Traumatic brain injury (TBI) is a major health and socio-economic problem since it is one of the major sources of death and disability worldwide. TBI patients usually show high heterogeneity in their clinical features, including both cognitive and emotional/behavioral alterations. As it specifically concerns cognitive functioning, these patients usually show decision-making (DM) deficits. DM is commonly considered a complex and multistep process that is strictly linked to both hot and cold executive functioning and is pivotal for daily life functioning and patients’ autonomy. However, the results are not always in agreement, with some studies that report huge alterations in the DM processes, while others do not. The present systematic review and meta-analysis aims to integrate past literature on this topic, providing a clear and handy picture both for researchers and clinicians. Thirteen studies addressing domain-general DM abilities were included from an initial N = 968 (from three databases). Results showed low heterogeneity between the studies (I2 = 7.90, Q (12) = 13.03, p = .37) supporting the fact that, overall, TBI patients showed lower performance in DM tasks as compared to healthy controls (k = 899, g = .48, 95% CI [0.33; 0.62]) both in tasks under ambiguity and under risk. The evidence that emerged from this meta-analysis denotes a clear deficit of DM abilities in TBI patients. However, DM tasks seemed to have good sensitivity but low specificity. A detailed description of patients’ performances and the role of both bottom-up, hot executive functions and top-down control functions have been further discussed. Finally, future directions and practical implications for both researchers and clinicians have been put forward.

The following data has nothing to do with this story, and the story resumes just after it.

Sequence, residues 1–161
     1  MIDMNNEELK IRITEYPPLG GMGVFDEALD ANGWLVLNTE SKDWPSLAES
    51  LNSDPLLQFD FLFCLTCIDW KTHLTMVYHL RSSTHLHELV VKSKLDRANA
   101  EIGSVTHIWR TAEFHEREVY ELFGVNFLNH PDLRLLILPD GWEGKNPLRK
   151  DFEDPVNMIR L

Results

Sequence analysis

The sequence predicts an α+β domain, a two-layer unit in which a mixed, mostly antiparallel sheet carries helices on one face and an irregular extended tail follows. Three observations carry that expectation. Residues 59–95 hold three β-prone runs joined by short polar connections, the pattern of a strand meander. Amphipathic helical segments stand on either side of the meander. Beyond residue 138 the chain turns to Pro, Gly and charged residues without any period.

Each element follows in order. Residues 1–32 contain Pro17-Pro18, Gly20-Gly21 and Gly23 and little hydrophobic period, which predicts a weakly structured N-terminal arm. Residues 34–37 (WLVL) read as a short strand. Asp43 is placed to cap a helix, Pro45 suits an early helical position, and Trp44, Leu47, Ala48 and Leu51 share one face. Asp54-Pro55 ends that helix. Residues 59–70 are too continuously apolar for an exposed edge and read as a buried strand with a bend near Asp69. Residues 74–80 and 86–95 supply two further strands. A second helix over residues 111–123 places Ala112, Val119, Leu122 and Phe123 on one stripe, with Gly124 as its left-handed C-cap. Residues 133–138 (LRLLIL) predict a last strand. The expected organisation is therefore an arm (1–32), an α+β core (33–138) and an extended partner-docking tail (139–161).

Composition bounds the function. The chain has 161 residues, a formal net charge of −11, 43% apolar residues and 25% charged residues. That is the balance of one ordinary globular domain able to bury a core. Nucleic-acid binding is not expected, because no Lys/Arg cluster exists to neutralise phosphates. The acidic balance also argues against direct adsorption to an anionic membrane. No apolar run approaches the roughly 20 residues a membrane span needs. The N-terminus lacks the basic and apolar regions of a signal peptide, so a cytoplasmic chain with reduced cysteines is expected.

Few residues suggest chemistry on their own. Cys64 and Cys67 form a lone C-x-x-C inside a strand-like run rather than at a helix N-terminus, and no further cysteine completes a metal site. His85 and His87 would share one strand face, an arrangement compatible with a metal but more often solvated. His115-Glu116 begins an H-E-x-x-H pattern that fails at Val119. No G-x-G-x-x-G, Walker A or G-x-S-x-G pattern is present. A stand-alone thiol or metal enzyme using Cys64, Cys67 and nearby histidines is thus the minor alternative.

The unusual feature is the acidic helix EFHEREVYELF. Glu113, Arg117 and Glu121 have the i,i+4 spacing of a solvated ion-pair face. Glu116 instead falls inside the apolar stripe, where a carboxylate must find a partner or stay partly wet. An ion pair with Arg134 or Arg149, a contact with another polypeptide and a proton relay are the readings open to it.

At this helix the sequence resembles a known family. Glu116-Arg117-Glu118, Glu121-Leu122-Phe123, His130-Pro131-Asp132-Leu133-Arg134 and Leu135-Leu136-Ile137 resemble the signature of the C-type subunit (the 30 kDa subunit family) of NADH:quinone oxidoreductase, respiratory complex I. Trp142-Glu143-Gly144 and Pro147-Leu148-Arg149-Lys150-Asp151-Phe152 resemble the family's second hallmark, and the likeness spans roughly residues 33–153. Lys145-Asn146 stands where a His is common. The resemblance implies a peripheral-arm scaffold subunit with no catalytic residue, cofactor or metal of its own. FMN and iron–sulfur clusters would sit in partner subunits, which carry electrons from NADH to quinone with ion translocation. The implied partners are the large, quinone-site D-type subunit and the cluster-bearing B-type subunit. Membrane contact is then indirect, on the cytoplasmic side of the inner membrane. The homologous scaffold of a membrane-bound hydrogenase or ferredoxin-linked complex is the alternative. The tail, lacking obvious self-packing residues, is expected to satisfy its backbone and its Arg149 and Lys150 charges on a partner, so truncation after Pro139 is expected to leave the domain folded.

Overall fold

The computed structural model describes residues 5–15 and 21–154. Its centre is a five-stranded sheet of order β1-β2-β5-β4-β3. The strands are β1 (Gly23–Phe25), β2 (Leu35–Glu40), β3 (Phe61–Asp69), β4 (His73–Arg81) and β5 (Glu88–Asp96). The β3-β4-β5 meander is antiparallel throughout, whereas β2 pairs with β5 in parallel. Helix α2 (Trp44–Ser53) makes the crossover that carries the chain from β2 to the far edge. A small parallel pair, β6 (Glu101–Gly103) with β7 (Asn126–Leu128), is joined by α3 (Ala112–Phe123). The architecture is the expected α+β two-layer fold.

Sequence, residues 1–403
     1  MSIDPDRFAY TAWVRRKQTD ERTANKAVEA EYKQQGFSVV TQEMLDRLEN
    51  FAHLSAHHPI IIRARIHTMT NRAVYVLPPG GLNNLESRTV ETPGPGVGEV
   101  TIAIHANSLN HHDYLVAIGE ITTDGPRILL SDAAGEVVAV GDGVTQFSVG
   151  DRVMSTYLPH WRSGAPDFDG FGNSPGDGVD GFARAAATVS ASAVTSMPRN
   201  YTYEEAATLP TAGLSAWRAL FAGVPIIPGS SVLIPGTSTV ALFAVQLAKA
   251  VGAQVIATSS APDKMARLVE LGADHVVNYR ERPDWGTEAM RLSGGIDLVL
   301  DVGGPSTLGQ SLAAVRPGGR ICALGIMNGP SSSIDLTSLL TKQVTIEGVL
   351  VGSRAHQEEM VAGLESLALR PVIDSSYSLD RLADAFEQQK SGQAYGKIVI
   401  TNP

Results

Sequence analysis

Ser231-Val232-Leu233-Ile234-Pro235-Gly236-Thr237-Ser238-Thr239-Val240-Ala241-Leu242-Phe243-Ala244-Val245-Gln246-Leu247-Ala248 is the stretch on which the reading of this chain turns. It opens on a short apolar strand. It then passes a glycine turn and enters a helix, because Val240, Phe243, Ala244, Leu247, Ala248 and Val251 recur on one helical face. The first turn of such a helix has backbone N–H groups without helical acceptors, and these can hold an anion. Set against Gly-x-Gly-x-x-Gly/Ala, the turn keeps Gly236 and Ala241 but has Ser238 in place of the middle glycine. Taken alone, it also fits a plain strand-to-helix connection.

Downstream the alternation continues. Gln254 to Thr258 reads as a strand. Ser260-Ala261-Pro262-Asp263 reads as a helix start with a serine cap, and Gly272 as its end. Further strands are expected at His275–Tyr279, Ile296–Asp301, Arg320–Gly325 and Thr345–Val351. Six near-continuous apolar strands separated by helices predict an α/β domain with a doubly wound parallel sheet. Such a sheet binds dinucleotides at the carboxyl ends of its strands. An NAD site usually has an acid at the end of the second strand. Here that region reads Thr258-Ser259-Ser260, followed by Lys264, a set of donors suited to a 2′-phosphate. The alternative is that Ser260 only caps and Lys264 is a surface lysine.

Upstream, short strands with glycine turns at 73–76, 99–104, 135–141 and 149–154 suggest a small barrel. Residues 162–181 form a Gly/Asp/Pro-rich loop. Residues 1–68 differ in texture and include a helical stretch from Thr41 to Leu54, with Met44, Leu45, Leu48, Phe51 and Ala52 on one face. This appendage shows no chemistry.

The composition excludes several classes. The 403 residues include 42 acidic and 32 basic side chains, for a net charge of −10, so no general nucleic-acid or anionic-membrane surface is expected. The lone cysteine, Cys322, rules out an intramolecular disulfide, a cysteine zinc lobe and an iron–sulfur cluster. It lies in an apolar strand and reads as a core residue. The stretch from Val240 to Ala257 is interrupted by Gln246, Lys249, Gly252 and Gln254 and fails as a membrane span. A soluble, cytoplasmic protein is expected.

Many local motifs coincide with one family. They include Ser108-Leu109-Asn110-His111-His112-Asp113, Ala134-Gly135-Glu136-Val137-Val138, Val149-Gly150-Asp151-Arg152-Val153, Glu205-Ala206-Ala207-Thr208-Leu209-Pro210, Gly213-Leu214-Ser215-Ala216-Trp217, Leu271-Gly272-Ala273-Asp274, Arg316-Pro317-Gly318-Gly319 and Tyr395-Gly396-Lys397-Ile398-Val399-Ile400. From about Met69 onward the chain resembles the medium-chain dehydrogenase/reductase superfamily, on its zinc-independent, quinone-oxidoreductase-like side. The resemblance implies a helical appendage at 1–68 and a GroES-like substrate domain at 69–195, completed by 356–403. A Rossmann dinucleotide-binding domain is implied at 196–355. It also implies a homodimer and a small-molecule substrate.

Decision-making abilities under risk and ambiguity in adults with traumatic brain injury: what do we know so far? A systematic review and meta-analysis

Cecilia Segatta;
2023-01-01

Abstract

Traumatic brain injury (TBI) is a major health and socio-economic problem since it is one of the major sources of death and disability worldwide. TBI patients usually show high heterogeneity in their clinical features, including both cognitive and emotional/behavioral alterations. As it specifically concerns cognitive functioning, these patients usually show decision-making (DM) deficits. DM is commonly considered a complex and multistep process that is strictly linked to both hot and cold executive functioning and is pivotal for daily life functioning and patients’ autonomy. However, the results are not always in agreement, with some studies that report huge alterations in the DM processes, while others do not. The present systematic review and meta-analysis aims to integrate past literature on this topic, providing a clear and handy picture both for researchers and clinicians. Thirteen studies addressing domain-general DM abilities were included from an initial N = 968 (from three databases). Results showed low heterogeneity between the studies (I2 = 7.90, Q (12) = 13.03, p = .37) supporting the fact that, overall, TBI patients showed lower performance in DM tasks as compared to healthy controls (k = 899, g = .48, 95% CI [0.33; 0.62]) both in tasks under ambiguity and under risk. The evidence that emerged from this meta-analysis denotes a clear deficit of DM abilities in TBI patients. However, DM tasks seemed to have good sensitivity but low specificity. A detailed description of patients’ performances and the role of both bottom-up, hot executive functions and top-down control functions have been further discussed. Finally, future directions and practical implications for both researchers and clinicians have been put forward.
2023
10-ago-2023
Pubblicato
https://www.tandfonline.com/doi/full/10.1080/13803395.2023.2245107
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Utilizza questo identificativo per citare o creare un link a questo documento: https://hdl.handle.net/11368/3068622
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